Majorities of both men and women support some form of legal recognition for gay and lesbian couples, but more women (36 percent) than men (24 percent) back the idea of same-sex marriage.
With regard to DADT, it seems fairly clear that the country is ready to embrace gays serving in the military. Virtually every constituent group agrees. As such, it would be difficult to contend that the favorable response is due to the vague or uncertain nature of the survey question.
With regard to gay marriage, the results are more nebulous. Don't get me wrong, there's little doubt that the trends are encouraging. In fact, one could make the argument that a narrow majority of Americans actually favor some recognition of same-sex relationships. Defining the specifics of that recognition would likely provide less encouraging results.
I'm intrigued by the disparity. On the one hand, it seems that patriotism and a desire to defend one's nation elicits thoughts of equality on the part of the electorate. In other words, if gays are willing to kill and die for their country, by God, we shouldn't deny them that opportunity. [Wave flags now] On the other hand, who a gay person chooses to love and how that love is recorded by society apparently elicits thoughts of moral rectitude on the part of the electorate. [Cover eyes now]
In other words, views about homosexuality seem to mirror the general pattern of allowing our children to be exposed to violence (masculinity...or behavior associated with men?) while shying away from exposure to, or discussion about, sexuality (intimacy...or behavior associated with women?). Is that an anecdotal observation and a broad brush approach to the subject? Perhaps. Does it offer a plausible explanation for the divergent data? In part, I think so.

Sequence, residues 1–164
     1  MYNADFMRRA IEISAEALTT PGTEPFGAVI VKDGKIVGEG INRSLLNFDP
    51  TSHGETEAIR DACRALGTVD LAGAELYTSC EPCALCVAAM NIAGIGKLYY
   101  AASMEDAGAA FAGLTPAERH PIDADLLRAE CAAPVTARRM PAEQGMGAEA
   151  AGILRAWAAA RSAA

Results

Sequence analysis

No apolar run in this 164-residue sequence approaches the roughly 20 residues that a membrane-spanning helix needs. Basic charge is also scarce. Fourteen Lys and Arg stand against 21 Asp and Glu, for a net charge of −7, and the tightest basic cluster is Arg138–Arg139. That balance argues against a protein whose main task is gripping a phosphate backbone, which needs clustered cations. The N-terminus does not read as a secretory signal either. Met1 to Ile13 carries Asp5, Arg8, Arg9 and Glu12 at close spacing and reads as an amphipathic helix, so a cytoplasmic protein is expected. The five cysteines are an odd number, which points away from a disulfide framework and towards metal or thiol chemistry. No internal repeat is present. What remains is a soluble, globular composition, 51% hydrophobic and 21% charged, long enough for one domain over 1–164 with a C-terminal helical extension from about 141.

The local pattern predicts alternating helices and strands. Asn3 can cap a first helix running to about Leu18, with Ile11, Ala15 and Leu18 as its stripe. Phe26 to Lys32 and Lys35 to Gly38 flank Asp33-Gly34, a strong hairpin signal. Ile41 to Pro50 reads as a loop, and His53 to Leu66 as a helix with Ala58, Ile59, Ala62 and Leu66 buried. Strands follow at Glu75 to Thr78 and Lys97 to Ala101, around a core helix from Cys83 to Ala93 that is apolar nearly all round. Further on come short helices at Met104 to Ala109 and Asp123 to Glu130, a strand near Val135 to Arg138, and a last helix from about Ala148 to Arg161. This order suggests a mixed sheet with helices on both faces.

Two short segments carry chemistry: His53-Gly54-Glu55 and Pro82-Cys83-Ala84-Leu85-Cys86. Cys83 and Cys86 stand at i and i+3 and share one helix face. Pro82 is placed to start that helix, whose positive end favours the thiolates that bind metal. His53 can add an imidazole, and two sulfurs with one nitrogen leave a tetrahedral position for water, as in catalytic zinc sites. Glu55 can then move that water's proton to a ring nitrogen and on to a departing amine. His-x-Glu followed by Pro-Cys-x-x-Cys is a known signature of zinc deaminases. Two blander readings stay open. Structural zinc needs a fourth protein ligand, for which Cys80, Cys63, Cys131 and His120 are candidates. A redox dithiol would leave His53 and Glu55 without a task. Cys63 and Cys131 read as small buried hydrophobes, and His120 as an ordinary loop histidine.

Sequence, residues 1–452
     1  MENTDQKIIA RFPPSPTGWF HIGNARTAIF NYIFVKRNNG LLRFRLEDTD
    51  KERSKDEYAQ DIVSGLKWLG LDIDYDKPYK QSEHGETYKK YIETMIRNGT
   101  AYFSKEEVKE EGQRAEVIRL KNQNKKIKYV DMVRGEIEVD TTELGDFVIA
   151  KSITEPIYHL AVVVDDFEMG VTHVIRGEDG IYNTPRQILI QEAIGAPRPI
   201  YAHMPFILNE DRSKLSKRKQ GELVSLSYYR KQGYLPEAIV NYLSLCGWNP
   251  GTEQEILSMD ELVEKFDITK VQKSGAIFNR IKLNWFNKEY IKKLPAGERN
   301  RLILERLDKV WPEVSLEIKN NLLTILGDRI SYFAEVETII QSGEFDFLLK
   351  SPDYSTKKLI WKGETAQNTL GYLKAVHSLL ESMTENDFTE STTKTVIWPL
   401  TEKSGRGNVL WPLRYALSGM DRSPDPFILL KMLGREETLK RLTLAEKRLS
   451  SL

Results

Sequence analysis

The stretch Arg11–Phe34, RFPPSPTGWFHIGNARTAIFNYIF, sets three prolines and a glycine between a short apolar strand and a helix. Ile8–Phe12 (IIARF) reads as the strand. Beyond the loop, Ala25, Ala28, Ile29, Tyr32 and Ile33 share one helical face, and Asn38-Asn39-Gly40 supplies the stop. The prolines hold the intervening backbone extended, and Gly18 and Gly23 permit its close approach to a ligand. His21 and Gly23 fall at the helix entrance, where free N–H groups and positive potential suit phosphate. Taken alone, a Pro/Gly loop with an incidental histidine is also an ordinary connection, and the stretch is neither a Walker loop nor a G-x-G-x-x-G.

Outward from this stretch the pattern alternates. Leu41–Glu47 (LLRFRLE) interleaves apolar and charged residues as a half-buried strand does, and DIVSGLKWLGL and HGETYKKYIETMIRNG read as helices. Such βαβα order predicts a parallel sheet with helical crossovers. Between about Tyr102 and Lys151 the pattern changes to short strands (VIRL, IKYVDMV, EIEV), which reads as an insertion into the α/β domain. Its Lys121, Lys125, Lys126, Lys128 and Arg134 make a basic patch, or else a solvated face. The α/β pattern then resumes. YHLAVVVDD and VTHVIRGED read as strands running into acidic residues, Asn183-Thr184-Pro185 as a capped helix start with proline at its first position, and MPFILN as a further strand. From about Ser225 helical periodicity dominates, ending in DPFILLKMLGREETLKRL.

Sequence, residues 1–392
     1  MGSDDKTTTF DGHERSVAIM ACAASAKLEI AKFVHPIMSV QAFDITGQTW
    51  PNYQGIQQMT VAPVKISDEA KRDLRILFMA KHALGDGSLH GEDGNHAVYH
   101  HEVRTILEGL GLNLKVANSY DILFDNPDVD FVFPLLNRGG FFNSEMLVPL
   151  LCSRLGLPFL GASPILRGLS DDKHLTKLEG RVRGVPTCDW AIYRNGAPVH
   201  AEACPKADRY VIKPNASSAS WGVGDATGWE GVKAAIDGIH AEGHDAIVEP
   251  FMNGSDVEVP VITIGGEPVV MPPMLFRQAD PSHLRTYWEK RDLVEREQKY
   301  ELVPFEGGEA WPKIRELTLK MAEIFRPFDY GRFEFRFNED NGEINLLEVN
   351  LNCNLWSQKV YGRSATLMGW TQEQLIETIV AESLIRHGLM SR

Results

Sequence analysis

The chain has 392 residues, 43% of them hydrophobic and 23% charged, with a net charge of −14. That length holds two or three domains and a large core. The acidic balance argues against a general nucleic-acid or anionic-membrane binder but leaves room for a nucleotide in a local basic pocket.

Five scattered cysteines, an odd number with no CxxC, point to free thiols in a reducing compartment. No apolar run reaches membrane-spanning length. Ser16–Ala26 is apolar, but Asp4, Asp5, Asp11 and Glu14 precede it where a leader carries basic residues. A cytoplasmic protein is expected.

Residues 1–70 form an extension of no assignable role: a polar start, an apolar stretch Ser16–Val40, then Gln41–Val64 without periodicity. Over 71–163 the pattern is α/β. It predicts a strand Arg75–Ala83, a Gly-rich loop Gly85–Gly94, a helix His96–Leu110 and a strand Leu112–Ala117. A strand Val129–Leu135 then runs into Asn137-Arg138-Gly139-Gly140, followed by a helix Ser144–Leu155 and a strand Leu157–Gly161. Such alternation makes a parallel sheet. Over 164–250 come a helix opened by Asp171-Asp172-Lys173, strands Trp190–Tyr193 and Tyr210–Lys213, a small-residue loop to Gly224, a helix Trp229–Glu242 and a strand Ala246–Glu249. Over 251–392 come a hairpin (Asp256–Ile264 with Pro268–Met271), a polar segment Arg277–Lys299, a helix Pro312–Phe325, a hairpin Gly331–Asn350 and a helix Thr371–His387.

Let's take it a step further. When one thinks about the treatment of those in the LGBT community, three things emerge. One, lesbianism (often associated with being a tomboy), while still objectionable to many, is also a source of male fascination, and as such, serves to insulate lesbians from intense societal derision. Secondly, gay men (often associated with being effeminate) draw the intense ire of a number of heterosexual men which is much more likely to lead to acts of derision and/or violence being perpetrated on homosexual men. Lastly, transgender males, seeking to identify as women (adopting virtually all aspects of feminine behavior), are potentially at the greatest risk for vitriol and violence.
I contend that if one were to ask all voters to quantify each groups social acceptability, each groups acceptability to serve in the military, and the acceptance of the love relationships each group forms, the discomfort would mirror the rankings I've noted above.
Let's return to the apparent discomfort with all things sexual and the seeming tolerance for depictions of violence. If one looks at the dance of sexuality, generally speaking, the male is in pursuit which can easily be construed as an aggressive act. Since men generally accept this role...and they also have daughters...a disconnect emerges which may well lead to the seeming silence with regards to all things sexual.
In simple terms, men, aware of each other's inclinations, are uncomfortable admitting and acknowledging that their daughters will be pursued sexually and anything that reminds them of this creates dissonance that is rarely resolved. The carnal nature of sex as conquest (masculine) can prevent them from viewing sexuality favorably as intimacy (feminine).
This may also explain the difference in men's and women's reported acceptance of gays in the military. Men, by virtue of their own views of sex, are apt to view the homosexual male similar to themselves...meaning they assume a gay man is in pursuit of a sexual encounter. At the same time, women are apt to be more comfortable with gay men as a result of their inclination to share expressions of intimacy.